New Study Shows Benefits of Visual, Game-Based Math
A recent WestEd study showed significant achievement gains from the use of visual game-based ST Math in 129 California elementary schools. The blended learning math program developed by an southern California nonprofit has more than ten years of demonstrated results at scale.
ST Math. Matthew Peterson believes that we can "crack the code" on math and help all students succeed by engineering personalized learning pathways. In the early 1990s, Peterson and two other University of California researchers developed a simple visual way to teach math. In 1998, they launched MIND Research Institute, a nonprofit to develop the visually-based software games--and close the achievement gap in American public schools.
For a decade, ST Math was used primarily in a lab rotation model. In 2013 more than 900 games were developed for the iPad making easier and more common for ST Math to be used as an integral part of a class rotation model.
ST Math has six distinct advantages:
Game-based: engaging and challenging learning games that promote persistence and performance
Instructional: the games promote hypothesis development and testing; failure is met with instructional feedback which an builds an academic mindset that effort leads to achievement (i.e., grit)
Conceptual understanding: rather than math as a barrier to adventure games, ST Math games are built around the mechanics of math to promote powerful learning.
Aligned: the games can be aligned to the core curriculum creating a coherent instructional program (unlike most blended learning initiative) and allowing application of newly developed skills.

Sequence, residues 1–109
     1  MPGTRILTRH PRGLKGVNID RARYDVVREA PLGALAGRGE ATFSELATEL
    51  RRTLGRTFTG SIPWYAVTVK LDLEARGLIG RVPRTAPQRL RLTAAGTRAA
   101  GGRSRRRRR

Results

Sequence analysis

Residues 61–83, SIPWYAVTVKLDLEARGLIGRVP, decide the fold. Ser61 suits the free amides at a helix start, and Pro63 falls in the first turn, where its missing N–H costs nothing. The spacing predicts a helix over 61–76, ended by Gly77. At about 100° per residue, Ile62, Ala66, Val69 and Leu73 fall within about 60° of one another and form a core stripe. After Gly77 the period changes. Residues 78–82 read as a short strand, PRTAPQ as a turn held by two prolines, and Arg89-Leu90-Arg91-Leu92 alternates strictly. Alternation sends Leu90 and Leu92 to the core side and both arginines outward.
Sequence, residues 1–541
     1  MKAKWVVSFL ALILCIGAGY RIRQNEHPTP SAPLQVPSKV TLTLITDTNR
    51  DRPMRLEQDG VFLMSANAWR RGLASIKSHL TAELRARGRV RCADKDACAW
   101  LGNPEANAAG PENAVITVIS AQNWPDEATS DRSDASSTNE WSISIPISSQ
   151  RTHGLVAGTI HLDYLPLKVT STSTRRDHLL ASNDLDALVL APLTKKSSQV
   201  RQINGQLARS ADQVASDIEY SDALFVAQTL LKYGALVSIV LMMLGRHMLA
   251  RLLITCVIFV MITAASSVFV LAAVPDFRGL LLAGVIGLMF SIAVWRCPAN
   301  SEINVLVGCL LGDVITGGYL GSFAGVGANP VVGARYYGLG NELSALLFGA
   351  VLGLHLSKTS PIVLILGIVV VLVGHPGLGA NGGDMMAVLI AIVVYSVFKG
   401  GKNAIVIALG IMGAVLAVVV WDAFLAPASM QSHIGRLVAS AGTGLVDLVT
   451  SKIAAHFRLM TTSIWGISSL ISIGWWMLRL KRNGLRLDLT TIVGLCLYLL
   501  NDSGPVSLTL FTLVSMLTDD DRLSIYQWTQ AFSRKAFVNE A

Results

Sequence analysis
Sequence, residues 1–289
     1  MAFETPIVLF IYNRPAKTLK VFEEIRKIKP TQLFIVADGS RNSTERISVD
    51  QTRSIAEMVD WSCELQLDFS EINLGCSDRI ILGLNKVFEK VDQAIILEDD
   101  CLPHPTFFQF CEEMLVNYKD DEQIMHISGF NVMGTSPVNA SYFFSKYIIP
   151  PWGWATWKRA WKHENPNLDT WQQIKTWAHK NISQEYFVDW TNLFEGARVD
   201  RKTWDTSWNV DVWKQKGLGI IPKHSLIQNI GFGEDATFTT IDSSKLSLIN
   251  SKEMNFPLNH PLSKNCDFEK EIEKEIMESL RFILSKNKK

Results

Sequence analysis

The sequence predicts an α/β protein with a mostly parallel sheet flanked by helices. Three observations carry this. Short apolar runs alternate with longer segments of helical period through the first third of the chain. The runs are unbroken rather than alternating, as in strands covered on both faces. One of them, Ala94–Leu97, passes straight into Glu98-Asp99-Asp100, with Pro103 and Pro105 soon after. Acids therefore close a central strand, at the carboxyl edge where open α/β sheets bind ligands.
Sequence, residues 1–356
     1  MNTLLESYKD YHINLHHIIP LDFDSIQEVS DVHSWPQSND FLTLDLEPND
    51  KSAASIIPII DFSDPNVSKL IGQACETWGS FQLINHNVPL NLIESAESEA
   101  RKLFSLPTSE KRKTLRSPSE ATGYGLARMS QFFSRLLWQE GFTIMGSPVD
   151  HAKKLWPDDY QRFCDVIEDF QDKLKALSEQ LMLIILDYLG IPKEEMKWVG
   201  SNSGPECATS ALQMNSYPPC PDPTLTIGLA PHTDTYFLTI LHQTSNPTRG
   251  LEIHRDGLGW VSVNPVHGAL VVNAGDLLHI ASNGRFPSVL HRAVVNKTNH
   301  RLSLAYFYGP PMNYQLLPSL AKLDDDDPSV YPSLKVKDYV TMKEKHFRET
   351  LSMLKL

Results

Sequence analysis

ELL: the games include no words so they are perfect for students new to English as well as advanced students.
Support: schools don't buy online games, they buy a proven program with strong implementation, professional development, and ongoing support.
Results at scale. Change the Equation, a nonprofit, nonpartisan, CEO-led initiative working to mobilize the business community to improve the quality of STEM learning in the United States recognized ST Math for meeting rigorous standards and consistently yield positive results for students. They added to the STEMworks database and deemed it ready to be taken to scale nationally. The Business Roundtable also publicly recognized ST Math as an "Outstanding" K-12 STEM education program.
ST Math is used by 800,000 students in 2,500 schools in 40 states. Results from a dozen citywide initiatives demonstrated two or three times the proficiency gains in math when schools used ST Math.
The WestEd study. Comparing state test scores for schools using ST Math to schools that didn't, the study considered proficiency gains during the 2010-11 school year--before the program was available on iPad. The study included schools where at least 85% of the students in that grade were enrolled in the ST Math program and on average completed at least 50% of the program. Nearly three quarters of the students were low-income.
Students using ST Math scored 5.6 points higher than students in the comparison grades (a 0.4 effect size, well beyond the federal What Works Clearinghouse criteria of 0.25 for "substantively important" effect). An increased percentage of students scoring Proficient or Advanced showed an even larger effect size.